Do the right kinds of exercise – both high-intensity interval training (HIIT) and strength training
High-intensity interval training (HIIT) and strength training have both been shown statistically to have significant impacts on our metabolism.
HIIT is a training style that involves periods of exercising intensely with an elevated heart rate alternated with short bursts of recovery periods.
HIIT has been shown to elevate metabolic rate, specifically for fat burning long after our workout ends.
One study found that after 12 weeks of HIIT, overweight men reduced their belly fat by 17% and overall fat mass by 4.4 pounds (2 kilograms). This is comparatively more than other studies on fat burning using alternate forms of exercise.
With strength training, we increase our body’s muscle mass, which increases our overall metabolic rate. That means more calories burned after exercising.
However unlike HIIT, the muscle we build through strength training will continue to burn caloric energy even when we are resting.
Strength training can also help avoid muscle loss.
In a study of 48 overweight women on a diet of only 800 calories per day, strength training was shown to enable them to maintain muscle mass and metabolism, while those in the study who did only aerobic exercise or no exercise lost muscle and experienced decreased metabolism.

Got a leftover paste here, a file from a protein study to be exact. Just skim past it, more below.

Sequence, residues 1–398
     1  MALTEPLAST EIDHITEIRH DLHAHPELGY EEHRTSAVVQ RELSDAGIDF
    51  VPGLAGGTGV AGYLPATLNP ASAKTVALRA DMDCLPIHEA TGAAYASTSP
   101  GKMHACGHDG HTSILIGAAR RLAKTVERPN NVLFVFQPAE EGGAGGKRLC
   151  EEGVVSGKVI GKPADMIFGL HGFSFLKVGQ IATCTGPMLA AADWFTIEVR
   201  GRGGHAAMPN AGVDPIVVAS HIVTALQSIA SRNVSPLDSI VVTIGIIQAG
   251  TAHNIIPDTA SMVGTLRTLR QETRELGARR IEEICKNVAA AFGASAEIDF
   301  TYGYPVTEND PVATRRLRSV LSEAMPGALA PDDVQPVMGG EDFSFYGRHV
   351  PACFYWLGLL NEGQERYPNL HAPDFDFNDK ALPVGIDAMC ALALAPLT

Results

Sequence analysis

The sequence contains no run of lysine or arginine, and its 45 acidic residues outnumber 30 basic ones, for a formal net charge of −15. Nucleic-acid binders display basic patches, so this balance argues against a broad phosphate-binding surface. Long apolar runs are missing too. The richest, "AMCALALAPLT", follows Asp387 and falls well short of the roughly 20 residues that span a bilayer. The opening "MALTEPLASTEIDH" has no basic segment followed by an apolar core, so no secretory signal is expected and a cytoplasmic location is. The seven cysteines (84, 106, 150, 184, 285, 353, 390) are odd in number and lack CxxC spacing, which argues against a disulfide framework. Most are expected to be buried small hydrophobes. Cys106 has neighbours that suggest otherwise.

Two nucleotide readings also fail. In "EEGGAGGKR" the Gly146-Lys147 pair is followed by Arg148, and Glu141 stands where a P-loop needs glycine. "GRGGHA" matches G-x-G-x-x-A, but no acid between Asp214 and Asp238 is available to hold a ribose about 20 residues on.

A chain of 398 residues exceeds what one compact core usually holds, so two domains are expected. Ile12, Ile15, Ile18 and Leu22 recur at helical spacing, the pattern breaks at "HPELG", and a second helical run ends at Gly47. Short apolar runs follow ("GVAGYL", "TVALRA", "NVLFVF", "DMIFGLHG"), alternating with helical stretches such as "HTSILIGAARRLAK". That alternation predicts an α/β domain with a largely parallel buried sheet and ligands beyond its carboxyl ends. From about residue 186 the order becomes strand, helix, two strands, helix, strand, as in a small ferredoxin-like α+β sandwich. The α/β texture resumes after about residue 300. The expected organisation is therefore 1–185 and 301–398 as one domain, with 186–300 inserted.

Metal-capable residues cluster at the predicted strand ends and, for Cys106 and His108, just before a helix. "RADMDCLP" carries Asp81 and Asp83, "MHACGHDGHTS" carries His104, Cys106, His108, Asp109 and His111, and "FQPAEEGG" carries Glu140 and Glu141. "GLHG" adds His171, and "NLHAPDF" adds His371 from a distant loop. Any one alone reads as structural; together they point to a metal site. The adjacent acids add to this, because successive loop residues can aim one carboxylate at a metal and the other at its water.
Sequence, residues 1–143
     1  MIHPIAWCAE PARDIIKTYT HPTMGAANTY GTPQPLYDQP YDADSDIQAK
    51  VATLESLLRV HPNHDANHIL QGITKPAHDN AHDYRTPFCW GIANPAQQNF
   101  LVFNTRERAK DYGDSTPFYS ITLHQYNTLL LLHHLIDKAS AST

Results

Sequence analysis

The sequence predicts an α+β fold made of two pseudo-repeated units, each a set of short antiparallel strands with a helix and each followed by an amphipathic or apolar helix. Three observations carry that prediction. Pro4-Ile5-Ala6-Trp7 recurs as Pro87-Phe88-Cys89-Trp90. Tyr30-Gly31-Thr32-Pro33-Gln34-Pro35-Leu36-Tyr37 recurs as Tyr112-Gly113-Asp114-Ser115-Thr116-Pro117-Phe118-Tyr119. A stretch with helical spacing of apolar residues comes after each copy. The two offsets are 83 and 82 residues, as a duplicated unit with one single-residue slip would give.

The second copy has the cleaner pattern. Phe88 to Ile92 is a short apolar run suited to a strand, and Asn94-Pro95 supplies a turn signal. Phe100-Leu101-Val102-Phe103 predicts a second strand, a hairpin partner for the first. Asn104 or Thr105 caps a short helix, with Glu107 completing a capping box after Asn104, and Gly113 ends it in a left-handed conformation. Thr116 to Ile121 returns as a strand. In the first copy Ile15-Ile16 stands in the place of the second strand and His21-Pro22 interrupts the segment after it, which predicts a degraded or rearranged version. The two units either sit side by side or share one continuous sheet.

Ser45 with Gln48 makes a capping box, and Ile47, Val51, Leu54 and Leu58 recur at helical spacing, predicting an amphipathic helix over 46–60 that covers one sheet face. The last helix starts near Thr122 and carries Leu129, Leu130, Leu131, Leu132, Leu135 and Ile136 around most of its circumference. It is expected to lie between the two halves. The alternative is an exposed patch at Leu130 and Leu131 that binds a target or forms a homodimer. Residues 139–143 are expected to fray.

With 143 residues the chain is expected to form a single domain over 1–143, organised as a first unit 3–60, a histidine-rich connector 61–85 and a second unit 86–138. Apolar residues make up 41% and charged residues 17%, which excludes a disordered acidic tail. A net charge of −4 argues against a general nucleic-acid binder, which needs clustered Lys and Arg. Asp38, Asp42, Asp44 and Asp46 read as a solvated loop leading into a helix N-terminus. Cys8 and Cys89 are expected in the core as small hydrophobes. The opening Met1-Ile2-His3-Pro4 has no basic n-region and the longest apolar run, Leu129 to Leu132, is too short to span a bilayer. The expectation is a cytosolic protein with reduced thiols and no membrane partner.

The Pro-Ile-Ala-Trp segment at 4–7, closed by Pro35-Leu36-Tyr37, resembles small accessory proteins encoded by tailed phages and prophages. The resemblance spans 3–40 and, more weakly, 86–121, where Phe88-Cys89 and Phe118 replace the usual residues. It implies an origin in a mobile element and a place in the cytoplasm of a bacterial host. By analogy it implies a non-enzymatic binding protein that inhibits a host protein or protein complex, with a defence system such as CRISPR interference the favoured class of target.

Fuel your body with protein and water
Digesting food actually increases our metabolism for a few hours, because it takes caloric energy to process the nutrients we eat. This is called the thermic effect of food (TEF). This is most effective when we eat more protein, which can lead to bigger boosts in metabolism than other foods.
This is because protein causes the largest rise in TEF, increasing your overall metabolic rate by 15% to 30%. Eating protein is also essential for building and repairing muscle which boosts metabolism.
Registered dietician Angie Asche, who is the author of the book “Fuel Your Body: How to Cook and Eat for Peak Performance,” advises eating 20 to 25 grams of protein within an hour after working out. That’s equal to a 3-ounce chicken breast (24 grams of protein), one 7-ounce container of 2% Greek yogurt (20 grams) or one scoop of whey or plant-based protein powder.
Drinking water can also briefly raise your metabolism. Research shows that drinking 0.5 liters of water can increase resting metabolism by 24% for about an hour.
Additional research points to enhanced metabolism boost if we drink cold water because of the energy expenditure needed to heat it to body temperature.
Get the rest you need. Sleep! Get at least 7 hours a night
Sleep is crucial for the recovery and restoration of all metabolic processes in our body. According to the American Academy of Sleep Medicine and Sleep Research Society, sleeping fewer than seven hours on a regular basis is associated with many negative health issues such as weight gain, diabetes, hypertension, heart disease, stroke, depression, just to name a few.
– Move throughout the day.
– Exercise both intense aerobic HIIT workouts and strength training.
– Eat protein within an hour after workout.
– Drink lots of water.
– Sleep! At least seven hours of sleep a day for a rested body and steady metabolism at any age.